PEOPLE v. JONES

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Court of Appeal, Second District, Division 1, California.

The PEOPLE of the State of California, Plaintiff and Respondent, v. Alfred JONES, Defendant and Appellant.

Cr. 14614.

Decided: December 13, 1968

Michael Korn, Reseda, for appellant by appointment of the Court of appeal. Thomas C. Lynch, Atty. Gen., William E. James, Asst. Atty. Gen., and Andrea Sheridan Ordin, Deputy Atty. Gen., for respondent.

Defendant was charged with assault with intent to commit murder (s 217, Pen.Code) and murder (s 187, Pen.Code). A jury found him guilty of assaulting Jerry Spry by force likely to produce great bodily injury, a felony, a lesser but necessarily included offense than that charged in count I, and not guilty of the murder of Henry Williams. He appeals from the judgment and order denying motion for new trial. The appeal from the order is dismissed.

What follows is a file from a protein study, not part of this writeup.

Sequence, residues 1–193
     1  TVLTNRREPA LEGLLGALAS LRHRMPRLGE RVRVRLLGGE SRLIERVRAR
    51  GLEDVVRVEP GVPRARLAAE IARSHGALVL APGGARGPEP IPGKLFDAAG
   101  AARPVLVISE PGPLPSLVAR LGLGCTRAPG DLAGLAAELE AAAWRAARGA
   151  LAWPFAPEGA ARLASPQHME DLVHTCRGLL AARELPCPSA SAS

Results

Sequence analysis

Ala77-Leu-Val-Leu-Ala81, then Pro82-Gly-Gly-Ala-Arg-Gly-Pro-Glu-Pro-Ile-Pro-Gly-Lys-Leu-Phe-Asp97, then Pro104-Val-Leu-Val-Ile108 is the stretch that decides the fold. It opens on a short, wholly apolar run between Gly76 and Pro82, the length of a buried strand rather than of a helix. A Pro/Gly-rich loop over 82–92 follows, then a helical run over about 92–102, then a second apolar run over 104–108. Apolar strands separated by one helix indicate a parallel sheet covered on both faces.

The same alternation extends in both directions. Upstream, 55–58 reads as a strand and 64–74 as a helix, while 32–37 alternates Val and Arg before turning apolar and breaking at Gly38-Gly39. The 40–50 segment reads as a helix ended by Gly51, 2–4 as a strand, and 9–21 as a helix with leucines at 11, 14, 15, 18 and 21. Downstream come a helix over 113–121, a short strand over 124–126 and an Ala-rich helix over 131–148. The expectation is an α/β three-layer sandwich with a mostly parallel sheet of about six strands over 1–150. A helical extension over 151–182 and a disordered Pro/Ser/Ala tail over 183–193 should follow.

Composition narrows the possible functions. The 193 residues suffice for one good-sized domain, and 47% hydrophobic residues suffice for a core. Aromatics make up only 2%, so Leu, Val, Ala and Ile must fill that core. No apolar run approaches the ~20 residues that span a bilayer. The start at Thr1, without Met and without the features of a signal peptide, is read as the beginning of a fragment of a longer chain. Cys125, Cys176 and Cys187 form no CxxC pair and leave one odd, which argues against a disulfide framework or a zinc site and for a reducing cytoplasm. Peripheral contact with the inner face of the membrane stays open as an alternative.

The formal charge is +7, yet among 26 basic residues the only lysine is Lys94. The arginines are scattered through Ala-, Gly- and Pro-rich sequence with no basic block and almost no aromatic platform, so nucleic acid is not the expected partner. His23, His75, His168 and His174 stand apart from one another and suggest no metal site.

Jerry Spry testified that around 7:30 p.m. on November 24, 1966 (Thanksgiving Day), he, Howard Lee and Larry Spells were walking down the street toward a liquor store at 42nd and Ascot to get sodas; an automobile came up beside them and defendant got out of the car; he had never seen defendant before; defendant ran up to a porch of a house, returned and, with reference to the three of them, said, ‘Look at those three punks'; he told him he was not a punk, then continued walking toward the liquor store with the defendant behind him; Lorenzo Marshall was standing in front of the liquor store and he (Spry) started to converse with him when defendant grabbed him by the collar; defendant said nothing when he grabbed him but a scuffle ensued in which he (Spry) hit defendant and defendant stabbed him in the stomach; he was unaware he had been stabbed until Marshall said, ‘Someone is bleeding?; after he was stabbed he hit defendant with both fists; defendant stumbled a bit, ran to the corner and crossed the street; he saw no knife in defendant's possession; he (Spry) went home with a rag at the place of bleeding; Lee and Spells walked him home; he first went to the Central Receiving Hospital and then was taken by ambulance to General Hospital where he stayed for four days; the doctors took seven or eight stitches in his stomach.